I’d have to modify the formula to account for President Clinton.  For though the economy did well while he was in office it is a little more complicated with him.  Who kind of fell ass-backwards into some good economic times.  First of all he was still riding the wave of Reaganomics.  He had a peace dividend from Ronald Reagan winning the Cold War.  Asia was suffering a financial crisis.  Japan was just beginning their Lost Decade.  And after only 2 years in office Clinton lost Congress.  Forcing him to scale back on his liberal agenda.  Also, it was under Clinton that we got the dot-com boom (and irrational exuberance) and the subsequent subprime mortgage crisis.  Making a lot of Clinton’s economic growth, then, artificial.  A bubble.  The dot-com bubble bursting just after Clinton left office.  The subprime mortgage housing bubble bursting in 2007.  So Clinton, who was not economically conservative, made a mess of things but was lucky enough to be out of office when the train wreck of his administration’s policies hit.  Especially those initiated by his Policy Statement on Discrimination in Lending that gave us the subprime mortgage crisis and the Great Recession.

So my model works.  History supports it.  Yet which model will be taken more seriously?  The one that is so complex with so many variables that no one can be sure what’s going on with it.  The one that took a lot of fine-tuning to get it to explain anything the way they wanted it to explain it.  Which is why it took until now to prove something for the first time.  Unlike mine.  Which has been proving things for decades.

The team calculate that climate change is responsible for between 24 per cent and 99 per cent of the risk of long rains failure.

Further proof that climate science is not real science.  Proving something is 24-99% responsible is not scientific.  I know.  I was marked down for something 4 places PAST the decimal point while in college.  When I protested that I was close enough the professor said that isn’t how science works.  Being close enough just doesn’t work.  You may eat food that is 99% salmonella-free.   But you sure aren’t going to eat food that is only 24% salmonella-free.

Although Stott’s findings add to the evidence that East Africa will face more droughts as the climate warms, for now, the region is slowly recovering from 2011. The short rains at the end of 2012 were good, and the latest forecasts suggest that the long rains will be roughly normal, or at least not far below that.

If the climate is warming because of man-made global warming how can the model show East Africa is cooling now?  Climate ‘scientists’ have been saying that if we don’t act NOW we’re doomed.  Because it could take decades to reverse the damage we’ve caused.  If so how is it that East Africa is reversing the damage in little over a year?  Despite the world NOT taking urgent measure to reverse global warming?  Or is what happening the normal ebb and flow of warming and cooling periods of climate that has little if anything to do with whatever man is putting into the atmosphere?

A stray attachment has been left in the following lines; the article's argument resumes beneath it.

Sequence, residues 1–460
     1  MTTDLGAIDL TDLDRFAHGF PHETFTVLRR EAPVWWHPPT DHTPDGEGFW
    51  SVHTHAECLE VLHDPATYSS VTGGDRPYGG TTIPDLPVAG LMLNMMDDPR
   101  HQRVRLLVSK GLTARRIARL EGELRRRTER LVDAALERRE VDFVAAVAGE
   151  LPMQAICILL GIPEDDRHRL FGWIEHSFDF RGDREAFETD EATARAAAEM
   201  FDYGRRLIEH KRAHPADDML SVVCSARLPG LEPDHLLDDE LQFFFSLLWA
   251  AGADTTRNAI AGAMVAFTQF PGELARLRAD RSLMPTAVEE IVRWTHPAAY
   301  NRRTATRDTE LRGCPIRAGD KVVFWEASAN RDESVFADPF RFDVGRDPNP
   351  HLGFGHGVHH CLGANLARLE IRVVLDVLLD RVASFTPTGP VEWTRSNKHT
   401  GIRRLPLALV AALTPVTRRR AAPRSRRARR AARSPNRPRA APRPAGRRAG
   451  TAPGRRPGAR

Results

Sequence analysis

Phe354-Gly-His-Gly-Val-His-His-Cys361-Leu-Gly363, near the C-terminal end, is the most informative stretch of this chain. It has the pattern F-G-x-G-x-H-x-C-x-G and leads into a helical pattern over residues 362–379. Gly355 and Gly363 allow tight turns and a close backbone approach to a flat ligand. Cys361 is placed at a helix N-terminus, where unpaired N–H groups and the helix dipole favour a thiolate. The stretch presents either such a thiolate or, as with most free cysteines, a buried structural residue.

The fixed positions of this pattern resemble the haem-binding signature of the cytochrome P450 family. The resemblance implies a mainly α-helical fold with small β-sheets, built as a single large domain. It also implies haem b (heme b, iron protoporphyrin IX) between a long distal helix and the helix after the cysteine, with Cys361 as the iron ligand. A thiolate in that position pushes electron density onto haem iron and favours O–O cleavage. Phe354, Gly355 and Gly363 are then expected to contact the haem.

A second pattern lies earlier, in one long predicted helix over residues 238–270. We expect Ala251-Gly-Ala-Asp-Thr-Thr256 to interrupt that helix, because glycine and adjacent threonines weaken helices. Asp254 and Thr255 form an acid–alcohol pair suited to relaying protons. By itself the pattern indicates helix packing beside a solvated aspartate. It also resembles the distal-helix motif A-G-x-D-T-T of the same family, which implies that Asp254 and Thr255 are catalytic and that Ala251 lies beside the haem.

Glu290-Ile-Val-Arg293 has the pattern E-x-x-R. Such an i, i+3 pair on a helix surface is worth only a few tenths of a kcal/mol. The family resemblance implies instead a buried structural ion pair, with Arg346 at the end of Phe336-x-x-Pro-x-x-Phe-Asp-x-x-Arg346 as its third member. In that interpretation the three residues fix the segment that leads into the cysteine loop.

In the long run, studies that attribute blame in this way could be used by people attempting to sue for damages relating to climate change. A number of such cases are currently moving through US courts, spearheaded by the Alaskan village of Kivalina. The village is threatened by increased storm surges that may be linked to climate change, and its residents are suing major energy companies for the cost of evacuating.

Such cases still face significant challenges, says environmental lawyer Tracy Hester of the University of Houston in Texas. Anyone trying to bring one to court will have to link the damages they have suffered to a particular source of emissions.

How about that?  The ultimate use for such a model is for someone to sue some business.  Just as an anti-capitalist is wont to do.

I have another model.  This one points to who is responsible for global warming.  And who we should be suing.  Before global warming there was global cooling.  Climate ‘scientists’ were warning us about the coming ice age.  That changed sometime during the late 20th Century.  When the climate ‘scientists’ changed their minds and said the planet was warming.  Without really giving a good reason why they switched from cooling to warming.  But as they warned us they got the politicians to write new environmental laws.  To prevent warming.  And to save the planet.  Adding emission controls on our cars and power plants.  Launching their war on coal.  And what happened?  Temperatures continued to rise.  To the highest they had ever been.  As they continued to urge us to take even more drastic actions.  Before it was too late.